“Sex in the Dark” lights up meaningful discussions

People recoil from topics of sex and pleasure as if they were disgusting creatures of the night. It’s awkward, it’s dirty and more importantly, not to be discussed in broad daylight. 

On Wednesday, Oct. 20, the Women’s Center, African American Affairs and the Violence Awareness and Response Program hosted the “Sex in the Dark” event. For two hours, students were allowed to ask anonymous questions to a line of panelists. Director of African American Affairs Kenneth Reid, Student Health Physician MaryPat Anderson and Safe Relations Founder Sabrina Mercedes were a few of the panelists who responded to the students’ questions. 

Graduate student Erin Kotten wanted to help host the event after past success from similar events that the Women’s Center covered on consent and relationships. 

“Sex is usually a taboo subject and a lot of college kids notice that this is the time to start asking questions and try to figure them out,” said Kotten. “We wanted students to have a space to ask those questions and have them answered by people who have knowledge and experience.”

A wide variety of topics were discussed. The main focus of the event were questions related to sexual engagement such as consent, communication throughout sex, fetishes, kinks, BDSM, what to do if you can’t experience an orgasm and what orgasms feel like, and overcoming the fear of sex and masturbation. 

One of the most popular questions that was discussed in length is the fear around sex and pornography addiction. Minnesota State University, Mankato Clinical Psychology professor Eric Sprankle said that it’s not uncommon to feel that way.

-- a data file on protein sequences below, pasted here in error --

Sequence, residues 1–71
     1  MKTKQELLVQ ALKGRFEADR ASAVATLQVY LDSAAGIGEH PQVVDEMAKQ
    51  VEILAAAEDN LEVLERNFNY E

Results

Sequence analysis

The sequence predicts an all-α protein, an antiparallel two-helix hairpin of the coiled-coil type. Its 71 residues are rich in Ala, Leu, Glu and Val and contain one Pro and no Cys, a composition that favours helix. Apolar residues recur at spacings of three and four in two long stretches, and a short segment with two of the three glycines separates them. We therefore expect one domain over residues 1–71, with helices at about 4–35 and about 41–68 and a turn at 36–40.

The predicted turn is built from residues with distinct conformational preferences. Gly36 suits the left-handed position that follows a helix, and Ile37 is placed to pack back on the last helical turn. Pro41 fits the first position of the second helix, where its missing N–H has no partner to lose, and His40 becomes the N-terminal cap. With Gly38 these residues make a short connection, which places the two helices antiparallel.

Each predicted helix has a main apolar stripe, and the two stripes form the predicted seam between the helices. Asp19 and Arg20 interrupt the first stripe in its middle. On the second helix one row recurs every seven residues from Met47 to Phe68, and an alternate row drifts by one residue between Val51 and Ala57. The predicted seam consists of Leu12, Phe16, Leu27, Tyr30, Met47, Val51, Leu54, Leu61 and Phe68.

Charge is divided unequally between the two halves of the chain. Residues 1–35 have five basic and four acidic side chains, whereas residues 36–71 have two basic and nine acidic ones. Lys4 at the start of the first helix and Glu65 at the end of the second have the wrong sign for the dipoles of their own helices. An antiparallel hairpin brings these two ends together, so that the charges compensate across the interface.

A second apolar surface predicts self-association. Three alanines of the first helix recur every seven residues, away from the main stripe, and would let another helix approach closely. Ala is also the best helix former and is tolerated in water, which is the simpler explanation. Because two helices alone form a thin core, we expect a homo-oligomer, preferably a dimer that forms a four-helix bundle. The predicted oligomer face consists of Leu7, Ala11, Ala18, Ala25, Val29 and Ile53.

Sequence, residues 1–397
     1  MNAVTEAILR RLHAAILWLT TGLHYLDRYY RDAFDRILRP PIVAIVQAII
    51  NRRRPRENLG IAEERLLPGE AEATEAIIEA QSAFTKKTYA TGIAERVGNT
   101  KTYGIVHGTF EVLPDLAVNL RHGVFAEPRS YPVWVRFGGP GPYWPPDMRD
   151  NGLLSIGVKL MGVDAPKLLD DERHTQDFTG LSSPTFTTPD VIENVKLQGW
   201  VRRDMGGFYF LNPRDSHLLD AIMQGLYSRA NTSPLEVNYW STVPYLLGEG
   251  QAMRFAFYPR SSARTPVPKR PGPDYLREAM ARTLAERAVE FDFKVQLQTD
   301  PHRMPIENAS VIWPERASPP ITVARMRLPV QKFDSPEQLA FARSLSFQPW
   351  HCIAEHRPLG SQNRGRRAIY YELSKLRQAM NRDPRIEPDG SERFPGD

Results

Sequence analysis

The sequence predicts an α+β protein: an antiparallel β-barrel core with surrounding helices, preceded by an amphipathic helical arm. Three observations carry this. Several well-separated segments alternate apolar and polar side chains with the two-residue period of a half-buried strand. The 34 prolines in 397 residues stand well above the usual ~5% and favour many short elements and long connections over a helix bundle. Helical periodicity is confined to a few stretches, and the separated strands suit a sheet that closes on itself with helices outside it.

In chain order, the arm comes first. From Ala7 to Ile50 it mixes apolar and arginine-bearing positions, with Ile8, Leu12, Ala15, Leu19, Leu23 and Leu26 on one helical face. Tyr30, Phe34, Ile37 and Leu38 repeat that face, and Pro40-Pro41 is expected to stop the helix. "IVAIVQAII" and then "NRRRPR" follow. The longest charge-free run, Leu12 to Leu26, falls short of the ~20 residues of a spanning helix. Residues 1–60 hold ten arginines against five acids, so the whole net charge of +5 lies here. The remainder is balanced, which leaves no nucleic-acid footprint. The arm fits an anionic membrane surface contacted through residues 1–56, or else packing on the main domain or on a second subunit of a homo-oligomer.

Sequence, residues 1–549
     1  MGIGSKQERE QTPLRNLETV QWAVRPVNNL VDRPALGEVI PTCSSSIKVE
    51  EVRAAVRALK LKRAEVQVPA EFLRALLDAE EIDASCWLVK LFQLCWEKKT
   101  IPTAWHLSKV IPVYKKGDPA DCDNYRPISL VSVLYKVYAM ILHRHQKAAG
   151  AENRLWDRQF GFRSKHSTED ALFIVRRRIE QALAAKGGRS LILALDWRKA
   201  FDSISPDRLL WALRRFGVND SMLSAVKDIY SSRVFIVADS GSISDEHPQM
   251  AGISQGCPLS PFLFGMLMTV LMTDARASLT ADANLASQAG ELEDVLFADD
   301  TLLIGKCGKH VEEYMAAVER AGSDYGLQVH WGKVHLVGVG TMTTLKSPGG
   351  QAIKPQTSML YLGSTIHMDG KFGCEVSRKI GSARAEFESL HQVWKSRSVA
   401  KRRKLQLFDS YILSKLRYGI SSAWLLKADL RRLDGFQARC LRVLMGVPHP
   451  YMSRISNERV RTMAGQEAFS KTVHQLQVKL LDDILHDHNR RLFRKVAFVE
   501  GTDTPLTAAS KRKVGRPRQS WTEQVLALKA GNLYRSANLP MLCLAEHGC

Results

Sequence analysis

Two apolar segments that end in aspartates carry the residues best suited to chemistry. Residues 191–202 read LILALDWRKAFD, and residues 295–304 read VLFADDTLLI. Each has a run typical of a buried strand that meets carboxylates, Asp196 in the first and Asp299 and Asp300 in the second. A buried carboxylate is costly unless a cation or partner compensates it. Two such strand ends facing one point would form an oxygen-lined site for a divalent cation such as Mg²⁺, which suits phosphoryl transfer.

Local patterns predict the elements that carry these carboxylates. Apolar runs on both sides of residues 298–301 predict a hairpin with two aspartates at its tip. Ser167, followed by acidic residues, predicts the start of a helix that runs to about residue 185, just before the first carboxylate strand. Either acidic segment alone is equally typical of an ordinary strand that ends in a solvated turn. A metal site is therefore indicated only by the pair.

“One person may think it’s enough while someone else may think that it’s too much for them,” said Sprankle. “It all depends on the frequency and if it’s impacting your life in a negative manner.”

Other focuses of the night were based on sexual health, such as regular menstrual cycles and how to prevent STD transmission. 

Lengthy discussions about accepting your sexual identity, asexuality, and how to change the narratives based on society’s heteronormative standards were also talked about. 

Women’s studies graduate student MeMe Cronin works part-time as a sex educator for Planned Parenthood. She felt it was important to speak at the event to break down the overall stigmas of sexuality and sexual health. 

“College is a great time to [ask questions]. It’s the first time that students are away from home and the stereotypes that they grew up with as a child,” said Cronin. “It’s great to break that stigma to change perspectives, introduce [students] to new things and to get them connected to services to make sure they’re all set.”

At the end of the event, students were encouraged to grab bags that contained various forms of protection. Each bag included two internal condoms, a flavored condom, lube, and a dental dam.

By the end of the night, students were told to explore their bodies, remain curious and to continue learning about ways to have safe and healthy sex. An anonymous student claims to have felt more comfortable having attended the event.

“Most of the taboo [subjects] that I thought were weird, I found out others felt the same way and had the same questions,” they said. “A lot of people experience the same thing and people shouldn’t be afraid to ask more questions and talk about sex.”

While the subject of sex and pleasure may be difficult to approach, the more it’s discussed, the more others can break down stigmas and stereotypes to ensure that everyone can lead a healthy sex life, free of restraints.

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